The CIA chief defended his agency and said in a Sunday interview with Fox News' Chris Wallace that the CIA was not trying to harm the incoming President or his team.
"There is no interest in undermining the President-elect and the team coming in. It's our responsibility to make sure they understand exactly the dangers that are out there," Brennan said.
Trump has slammed the intelligence community repeatedly over the past few weeks in response to what he said was unfair coverage caused by leaked information from intelligence officials. On Sunday evening he even pointed fingers directly at the CIA director over Twitter.
".@FoxNews 'Outgoing CIA Chief, John Brennan, blasts Pres-Elect Trump on Russia threat. Does not fully understand.' Oh really, couldn't do...much worse - just look at Syria (red line), Crimea, Ukraine and the build-up of Russian nukes. Not good! Was this the leaker of Fake News?" he wrote.
In response to the President-elect's tweets the CIA told CNN late Sunday evening it had no comment.
First on Twitter and then at his first news conference since July, Trump likened the leaks to "Nazi Germany." Brennan called the Nazi reference "outrageous."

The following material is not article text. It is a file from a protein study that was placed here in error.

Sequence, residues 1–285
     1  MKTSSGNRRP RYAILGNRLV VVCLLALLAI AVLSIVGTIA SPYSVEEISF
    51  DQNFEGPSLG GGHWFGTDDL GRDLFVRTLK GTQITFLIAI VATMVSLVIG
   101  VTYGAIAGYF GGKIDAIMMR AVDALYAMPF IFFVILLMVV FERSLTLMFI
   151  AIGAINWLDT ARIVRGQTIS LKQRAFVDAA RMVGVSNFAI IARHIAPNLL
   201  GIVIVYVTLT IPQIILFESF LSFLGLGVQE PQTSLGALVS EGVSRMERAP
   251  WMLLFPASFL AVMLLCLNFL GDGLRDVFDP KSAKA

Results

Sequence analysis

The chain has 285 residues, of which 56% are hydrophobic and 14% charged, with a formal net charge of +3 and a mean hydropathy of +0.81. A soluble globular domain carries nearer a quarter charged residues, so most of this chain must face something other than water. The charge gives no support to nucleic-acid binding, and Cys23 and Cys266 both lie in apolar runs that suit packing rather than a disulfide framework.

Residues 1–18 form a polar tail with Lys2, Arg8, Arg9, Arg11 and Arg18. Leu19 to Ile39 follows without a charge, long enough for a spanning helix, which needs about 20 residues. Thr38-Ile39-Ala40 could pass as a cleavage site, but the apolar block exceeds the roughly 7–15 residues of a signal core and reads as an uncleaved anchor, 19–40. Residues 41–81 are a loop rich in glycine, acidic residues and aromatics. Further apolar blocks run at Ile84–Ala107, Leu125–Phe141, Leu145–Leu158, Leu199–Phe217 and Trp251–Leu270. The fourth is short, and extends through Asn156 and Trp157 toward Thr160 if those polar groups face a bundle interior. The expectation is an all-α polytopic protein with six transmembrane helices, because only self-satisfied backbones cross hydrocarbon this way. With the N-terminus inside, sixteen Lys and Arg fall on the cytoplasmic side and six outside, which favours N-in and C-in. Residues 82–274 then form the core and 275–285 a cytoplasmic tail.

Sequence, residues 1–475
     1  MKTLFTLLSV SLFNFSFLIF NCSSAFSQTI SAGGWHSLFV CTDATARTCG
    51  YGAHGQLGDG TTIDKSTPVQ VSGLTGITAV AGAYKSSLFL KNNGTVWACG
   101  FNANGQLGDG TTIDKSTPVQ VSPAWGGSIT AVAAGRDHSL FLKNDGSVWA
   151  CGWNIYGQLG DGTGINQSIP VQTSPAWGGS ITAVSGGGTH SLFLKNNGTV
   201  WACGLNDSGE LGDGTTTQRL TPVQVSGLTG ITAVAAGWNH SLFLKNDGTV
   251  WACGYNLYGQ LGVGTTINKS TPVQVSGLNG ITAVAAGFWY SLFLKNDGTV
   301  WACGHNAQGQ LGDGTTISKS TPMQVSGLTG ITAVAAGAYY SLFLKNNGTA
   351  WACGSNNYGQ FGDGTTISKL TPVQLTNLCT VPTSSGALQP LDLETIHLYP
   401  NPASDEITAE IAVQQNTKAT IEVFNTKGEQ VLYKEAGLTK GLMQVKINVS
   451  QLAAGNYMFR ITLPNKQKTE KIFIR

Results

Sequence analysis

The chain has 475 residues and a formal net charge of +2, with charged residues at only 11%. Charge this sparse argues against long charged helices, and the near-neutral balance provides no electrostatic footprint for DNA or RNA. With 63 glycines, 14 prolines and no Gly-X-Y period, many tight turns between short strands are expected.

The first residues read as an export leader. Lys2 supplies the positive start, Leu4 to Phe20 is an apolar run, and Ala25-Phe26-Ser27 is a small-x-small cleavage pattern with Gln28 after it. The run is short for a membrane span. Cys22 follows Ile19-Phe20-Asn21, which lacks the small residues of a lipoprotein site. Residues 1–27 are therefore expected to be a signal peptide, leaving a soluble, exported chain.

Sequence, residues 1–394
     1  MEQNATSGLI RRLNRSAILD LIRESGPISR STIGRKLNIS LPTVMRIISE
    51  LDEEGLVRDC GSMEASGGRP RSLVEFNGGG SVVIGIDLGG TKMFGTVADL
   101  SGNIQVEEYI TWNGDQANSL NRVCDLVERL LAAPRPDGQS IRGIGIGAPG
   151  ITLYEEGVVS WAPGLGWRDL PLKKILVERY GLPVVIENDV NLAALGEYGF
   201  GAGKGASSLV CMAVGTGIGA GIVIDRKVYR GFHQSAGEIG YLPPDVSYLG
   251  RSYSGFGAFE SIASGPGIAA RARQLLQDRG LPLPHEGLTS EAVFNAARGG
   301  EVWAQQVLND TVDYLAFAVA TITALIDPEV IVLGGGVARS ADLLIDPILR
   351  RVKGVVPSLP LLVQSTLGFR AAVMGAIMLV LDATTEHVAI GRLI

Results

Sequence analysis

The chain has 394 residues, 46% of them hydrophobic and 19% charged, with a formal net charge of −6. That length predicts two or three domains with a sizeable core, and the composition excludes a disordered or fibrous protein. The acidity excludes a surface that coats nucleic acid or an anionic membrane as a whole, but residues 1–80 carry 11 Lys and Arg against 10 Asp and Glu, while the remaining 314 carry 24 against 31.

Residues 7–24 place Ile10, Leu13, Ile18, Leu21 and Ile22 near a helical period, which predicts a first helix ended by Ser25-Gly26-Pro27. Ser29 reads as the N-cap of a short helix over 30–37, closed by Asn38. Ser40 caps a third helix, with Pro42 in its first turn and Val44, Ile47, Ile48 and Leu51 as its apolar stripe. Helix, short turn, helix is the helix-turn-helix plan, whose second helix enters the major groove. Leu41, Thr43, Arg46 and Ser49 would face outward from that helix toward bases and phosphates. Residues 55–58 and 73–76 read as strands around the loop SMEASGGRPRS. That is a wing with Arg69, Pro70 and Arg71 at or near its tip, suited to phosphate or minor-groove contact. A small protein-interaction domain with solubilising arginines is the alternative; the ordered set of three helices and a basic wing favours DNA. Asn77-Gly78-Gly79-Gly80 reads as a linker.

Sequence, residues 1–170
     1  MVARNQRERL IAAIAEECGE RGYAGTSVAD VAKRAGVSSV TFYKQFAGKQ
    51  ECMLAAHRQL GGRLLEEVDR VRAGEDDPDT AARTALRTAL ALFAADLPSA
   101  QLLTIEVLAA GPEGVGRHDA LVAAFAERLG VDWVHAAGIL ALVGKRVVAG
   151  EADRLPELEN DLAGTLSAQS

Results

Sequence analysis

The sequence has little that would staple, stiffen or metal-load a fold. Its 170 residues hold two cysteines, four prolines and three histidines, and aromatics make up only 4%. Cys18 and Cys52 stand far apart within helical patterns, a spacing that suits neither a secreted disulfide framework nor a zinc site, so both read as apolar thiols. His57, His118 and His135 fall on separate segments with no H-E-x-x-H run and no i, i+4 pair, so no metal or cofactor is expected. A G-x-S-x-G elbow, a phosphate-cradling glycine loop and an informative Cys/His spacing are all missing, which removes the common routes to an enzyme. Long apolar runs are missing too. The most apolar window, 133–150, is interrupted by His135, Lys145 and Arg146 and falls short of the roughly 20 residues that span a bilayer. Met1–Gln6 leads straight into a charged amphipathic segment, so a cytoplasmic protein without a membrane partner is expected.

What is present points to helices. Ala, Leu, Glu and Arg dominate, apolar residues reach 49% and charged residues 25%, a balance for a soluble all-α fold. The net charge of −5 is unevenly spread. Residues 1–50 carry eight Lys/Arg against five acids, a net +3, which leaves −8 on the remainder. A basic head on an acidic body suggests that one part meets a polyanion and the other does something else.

"I do take great umbrage at that, and there is no basis for Mr. Trump to point fingers at the intelligence community for leaking information that was already available publicly," Brennan said.
Brennan bristled at Trump's public displays of contempt for the intelligence community and said Trump needed to understand his words could undermine national security.
"If he doesn't have confidence in the intelligence community, what signal does that send to our partners and allies, as well as our adversaries?" Brennan said.
The CIA director and former deputy national security adviser to Obama also warned Trump on Russia, saying he did not believe Trump understood the threat of Russia, while also saying he hoped the Trump administration would be able to see an improvement in the US-Russia relationship.
"I don't think he has a full appreciation of Russian capabilities, Russia's intentions," Brennan said, adding that Trump "does not yet" fully appreciate what embracing Russia might mean.
And with just a few days remaining in office, Brennan looked ahead to the incoming national security team, naming Trump's picks for secretary of defense, CIA director and secretary of homeland security.
"They are the ones that are going to be able to give him some wise counsel about what he needs to do and not be very spontaneous," he said. "It's more than just about Mr. Trump. It's about the United States of America."